Here’s where things get good. Canadians have seen what I would call a comparatively excellent response to the pandemic. Governments have been implementing these practices early throughout the provinces. As of last week, Thursday, Ontario had extended the spring break of all publicly funded schools’ to April 6, a two week extension in order to prevent the spread. Other provinces quickly followed suit and this set off a tidal wave of closures of universities and public spaces, such as libraries and community centres. Early and focused interventions and recommendations from The Public Health Agency of Canada have been swift, and useful. Dr. Theresa Tam, Canada’s Chief Public Health Officer, is likely getting more airtime than she ever thought possible. I applaud her composure and clear direction. Follow her here to see the latest updates.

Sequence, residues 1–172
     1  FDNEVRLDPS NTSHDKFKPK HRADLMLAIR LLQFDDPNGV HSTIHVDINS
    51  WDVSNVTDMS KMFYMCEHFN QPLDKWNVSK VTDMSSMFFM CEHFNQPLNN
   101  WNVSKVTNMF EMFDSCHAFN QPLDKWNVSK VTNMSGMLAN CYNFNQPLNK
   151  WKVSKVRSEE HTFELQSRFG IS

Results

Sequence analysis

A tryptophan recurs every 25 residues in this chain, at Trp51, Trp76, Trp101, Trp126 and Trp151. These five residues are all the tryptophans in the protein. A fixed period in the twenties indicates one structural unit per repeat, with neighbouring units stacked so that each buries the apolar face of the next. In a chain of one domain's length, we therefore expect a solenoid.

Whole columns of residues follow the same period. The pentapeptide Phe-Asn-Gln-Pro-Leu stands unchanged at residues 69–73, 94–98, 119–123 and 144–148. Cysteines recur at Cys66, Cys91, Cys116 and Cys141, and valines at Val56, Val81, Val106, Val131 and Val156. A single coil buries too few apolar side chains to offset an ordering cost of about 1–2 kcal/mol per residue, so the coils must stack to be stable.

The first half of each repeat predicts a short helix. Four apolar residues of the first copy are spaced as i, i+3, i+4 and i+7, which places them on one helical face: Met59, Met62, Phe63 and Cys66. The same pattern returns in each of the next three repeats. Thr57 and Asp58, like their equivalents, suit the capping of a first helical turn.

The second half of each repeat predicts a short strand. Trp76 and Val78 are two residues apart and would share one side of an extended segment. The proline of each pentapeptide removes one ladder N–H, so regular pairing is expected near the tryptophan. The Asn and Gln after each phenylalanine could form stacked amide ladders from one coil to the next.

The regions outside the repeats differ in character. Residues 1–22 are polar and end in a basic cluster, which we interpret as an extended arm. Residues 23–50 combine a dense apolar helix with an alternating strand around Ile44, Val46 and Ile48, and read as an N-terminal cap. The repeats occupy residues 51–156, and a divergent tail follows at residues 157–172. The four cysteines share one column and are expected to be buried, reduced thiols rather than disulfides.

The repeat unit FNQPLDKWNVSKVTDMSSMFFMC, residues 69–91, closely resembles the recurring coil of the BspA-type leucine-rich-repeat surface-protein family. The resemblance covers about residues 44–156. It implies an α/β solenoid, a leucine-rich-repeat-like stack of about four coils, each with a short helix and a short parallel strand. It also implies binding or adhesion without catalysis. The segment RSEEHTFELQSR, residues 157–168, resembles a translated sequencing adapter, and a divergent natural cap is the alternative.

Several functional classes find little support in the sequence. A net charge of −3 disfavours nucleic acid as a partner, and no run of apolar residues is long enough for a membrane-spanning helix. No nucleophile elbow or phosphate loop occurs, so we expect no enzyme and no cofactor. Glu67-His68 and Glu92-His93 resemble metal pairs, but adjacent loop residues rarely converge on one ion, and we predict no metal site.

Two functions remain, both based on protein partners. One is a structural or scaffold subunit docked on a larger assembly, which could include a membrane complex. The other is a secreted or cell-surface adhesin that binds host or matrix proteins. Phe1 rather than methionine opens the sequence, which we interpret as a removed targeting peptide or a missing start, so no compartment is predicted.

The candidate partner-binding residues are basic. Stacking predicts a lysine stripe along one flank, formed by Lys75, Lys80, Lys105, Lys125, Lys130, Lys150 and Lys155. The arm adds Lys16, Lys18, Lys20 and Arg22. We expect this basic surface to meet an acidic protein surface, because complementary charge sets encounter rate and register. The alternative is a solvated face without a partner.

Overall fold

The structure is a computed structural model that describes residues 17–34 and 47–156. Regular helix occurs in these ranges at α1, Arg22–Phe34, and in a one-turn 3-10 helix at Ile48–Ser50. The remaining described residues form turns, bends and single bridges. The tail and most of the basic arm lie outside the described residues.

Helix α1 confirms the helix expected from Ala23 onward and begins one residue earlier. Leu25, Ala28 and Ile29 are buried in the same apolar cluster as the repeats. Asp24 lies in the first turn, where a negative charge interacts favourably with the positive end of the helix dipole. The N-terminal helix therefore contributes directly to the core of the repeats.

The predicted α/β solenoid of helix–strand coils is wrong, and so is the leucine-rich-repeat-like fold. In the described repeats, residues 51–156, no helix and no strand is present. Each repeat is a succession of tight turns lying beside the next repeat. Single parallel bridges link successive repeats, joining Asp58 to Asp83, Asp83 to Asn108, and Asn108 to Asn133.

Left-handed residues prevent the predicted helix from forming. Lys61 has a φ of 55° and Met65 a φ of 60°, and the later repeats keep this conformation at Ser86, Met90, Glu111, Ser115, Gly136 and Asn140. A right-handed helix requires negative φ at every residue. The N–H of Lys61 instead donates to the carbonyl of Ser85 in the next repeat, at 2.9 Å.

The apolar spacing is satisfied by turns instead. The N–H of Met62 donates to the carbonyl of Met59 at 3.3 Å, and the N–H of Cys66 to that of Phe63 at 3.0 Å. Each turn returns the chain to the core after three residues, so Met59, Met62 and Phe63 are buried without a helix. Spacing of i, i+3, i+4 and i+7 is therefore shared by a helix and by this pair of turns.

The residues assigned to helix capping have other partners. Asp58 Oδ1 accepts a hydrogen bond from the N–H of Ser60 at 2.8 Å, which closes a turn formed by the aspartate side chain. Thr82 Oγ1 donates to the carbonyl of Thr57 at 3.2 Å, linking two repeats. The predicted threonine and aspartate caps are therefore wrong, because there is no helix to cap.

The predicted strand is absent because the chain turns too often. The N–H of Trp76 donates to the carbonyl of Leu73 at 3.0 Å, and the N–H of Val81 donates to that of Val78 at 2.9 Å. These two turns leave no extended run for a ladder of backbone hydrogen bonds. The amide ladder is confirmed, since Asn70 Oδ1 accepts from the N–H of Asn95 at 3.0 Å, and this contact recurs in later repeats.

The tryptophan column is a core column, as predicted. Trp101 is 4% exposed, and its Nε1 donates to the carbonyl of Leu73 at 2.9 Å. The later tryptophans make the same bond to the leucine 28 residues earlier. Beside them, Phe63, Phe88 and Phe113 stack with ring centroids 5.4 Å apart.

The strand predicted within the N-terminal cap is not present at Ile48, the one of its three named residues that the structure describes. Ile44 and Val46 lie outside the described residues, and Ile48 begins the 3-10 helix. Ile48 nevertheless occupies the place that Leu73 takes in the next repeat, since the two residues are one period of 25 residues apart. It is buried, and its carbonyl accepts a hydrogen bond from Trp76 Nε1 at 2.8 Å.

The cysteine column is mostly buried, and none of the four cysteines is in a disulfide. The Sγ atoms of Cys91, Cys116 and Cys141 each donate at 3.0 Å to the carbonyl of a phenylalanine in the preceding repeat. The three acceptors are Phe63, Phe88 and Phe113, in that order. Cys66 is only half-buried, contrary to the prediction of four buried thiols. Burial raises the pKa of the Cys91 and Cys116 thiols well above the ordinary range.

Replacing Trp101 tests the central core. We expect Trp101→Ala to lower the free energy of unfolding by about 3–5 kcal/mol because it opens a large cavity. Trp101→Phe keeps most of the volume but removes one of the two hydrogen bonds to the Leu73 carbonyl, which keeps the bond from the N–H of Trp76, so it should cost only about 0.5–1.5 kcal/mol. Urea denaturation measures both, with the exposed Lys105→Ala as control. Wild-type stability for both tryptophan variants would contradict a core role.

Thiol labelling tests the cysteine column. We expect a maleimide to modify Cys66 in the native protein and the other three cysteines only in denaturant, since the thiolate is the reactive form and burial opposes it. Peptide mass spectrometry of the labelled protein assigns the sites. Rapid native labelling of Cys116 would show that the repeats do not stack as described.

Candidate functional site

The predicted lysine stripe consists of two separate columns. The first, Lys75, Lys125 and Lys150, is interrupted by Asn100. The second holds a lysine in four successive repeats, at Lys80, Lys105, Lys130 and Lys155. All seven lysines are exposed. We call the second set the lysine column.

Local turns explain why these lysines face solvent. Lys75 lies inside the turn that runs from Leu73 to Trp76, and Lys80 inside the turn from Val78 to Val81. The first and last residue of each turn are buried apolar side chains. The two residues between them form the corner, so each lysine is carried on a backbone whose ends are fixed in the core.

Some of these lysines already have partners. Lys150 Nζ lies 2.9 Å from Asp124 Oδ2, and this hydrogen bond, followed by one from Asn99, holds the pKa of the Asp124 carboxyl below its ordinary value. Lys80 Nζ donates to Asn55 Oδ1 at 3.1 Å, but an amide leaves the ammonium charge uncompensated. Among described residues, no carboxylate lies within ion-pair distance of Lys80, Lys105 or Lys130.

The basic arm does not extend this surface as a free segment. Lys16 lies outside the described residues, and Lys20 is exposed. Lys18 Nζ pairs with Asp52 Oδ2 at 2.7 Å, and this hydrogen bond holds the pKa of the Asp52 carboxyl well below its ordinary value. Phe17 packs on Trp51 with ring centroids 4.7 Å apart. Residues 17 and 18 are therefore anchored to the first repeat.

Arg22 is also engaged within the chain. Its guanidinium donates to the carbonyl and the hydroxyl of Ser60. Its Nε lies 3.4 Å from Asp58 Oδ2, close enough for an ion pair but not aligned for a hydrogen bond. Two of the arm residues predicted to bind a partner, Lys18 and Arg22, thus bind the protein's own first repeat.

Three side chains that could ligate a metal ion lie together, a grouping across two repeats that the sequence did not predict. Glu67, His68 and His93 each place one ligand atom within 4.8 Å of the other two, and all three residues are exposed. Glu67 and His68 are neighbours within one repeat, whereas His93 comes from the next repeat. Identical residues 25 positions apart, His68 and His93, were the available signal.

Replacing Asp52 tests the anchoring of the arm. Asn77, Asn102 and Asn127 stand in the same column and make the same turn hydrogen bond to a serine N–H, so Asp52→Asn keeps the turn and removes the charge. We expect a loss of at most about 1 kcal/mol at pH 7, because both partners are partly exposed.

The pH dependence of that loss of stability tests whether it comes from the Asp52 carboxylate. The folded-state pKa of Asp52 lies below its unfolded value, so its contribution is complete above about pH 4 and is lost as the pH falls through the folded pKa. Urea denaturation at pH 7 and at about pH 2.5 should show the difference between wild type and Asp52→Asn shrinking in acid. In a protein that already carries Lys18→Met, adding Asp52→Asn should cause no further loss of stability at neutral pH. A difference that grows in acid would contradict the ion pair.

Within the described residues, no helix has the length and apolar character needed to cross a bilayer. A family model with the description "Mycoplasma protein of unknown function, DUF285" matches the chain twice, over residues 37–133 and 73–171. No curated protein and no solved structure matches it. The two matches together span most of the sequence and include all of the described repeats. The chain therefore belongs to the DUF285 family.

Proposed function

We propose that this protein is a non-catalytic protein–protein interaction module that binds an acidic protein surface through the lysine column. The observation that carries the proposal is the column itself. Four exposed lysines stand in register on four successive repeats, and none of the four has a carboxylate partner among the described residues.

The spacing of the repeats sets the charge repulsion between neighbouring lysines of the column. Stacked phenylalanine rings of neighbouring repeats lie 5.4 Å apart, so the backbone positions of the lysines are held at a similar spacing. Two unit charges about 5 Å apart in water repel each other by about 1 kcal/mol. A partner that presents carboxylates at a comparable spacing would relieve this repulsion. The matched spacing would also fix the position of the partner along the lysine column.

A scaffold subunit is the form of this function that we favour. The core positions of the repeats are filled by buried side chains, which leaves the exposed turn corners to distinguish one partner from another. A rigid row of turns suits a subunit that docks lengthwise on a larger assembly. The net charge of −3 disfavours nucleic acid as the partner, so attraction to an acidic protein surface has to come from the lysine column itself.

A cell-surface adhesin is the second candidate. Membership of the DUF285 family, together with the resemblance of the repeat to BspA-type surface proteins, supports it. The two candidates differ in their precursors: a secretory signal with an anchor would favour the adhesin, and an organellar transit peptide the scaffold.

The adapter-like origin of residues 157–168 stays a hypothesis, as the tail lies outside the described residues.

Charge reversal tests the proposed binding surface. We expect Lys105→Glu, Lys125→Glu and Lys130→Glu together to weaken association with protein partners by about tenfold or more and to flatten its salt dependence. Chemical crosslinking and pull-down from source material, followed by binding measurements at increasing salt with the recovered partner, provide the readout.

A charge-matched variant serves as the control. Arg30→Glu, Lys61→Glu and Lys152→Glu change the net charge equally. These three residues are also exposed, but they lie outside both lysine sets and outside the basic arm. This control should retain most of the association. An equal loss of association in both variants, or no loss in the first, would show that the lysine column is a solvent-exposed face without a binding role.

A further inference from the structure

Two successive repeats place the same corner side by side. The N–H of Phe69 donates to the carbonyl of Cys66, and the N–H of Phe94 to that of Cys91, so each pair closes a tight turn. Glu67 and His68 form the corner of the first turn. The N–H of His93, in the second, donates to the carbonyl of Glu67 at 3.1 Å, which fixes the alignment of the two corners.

The sense of camaraderie across the country can not be understated. I feel a deep sense of pride in the work that our governments federally, provincially and municipally have been doing to slow the spread of the virus. As things accelerate across the country, we have seen new updates and recommendations to slow the spread and increase social distancing. These steps are even more salient, considering the response from our neighbours the United States, who have faltered repeatedly over the last two weeks, as the US is set to follow closely with the steep acceleration curve in Italy.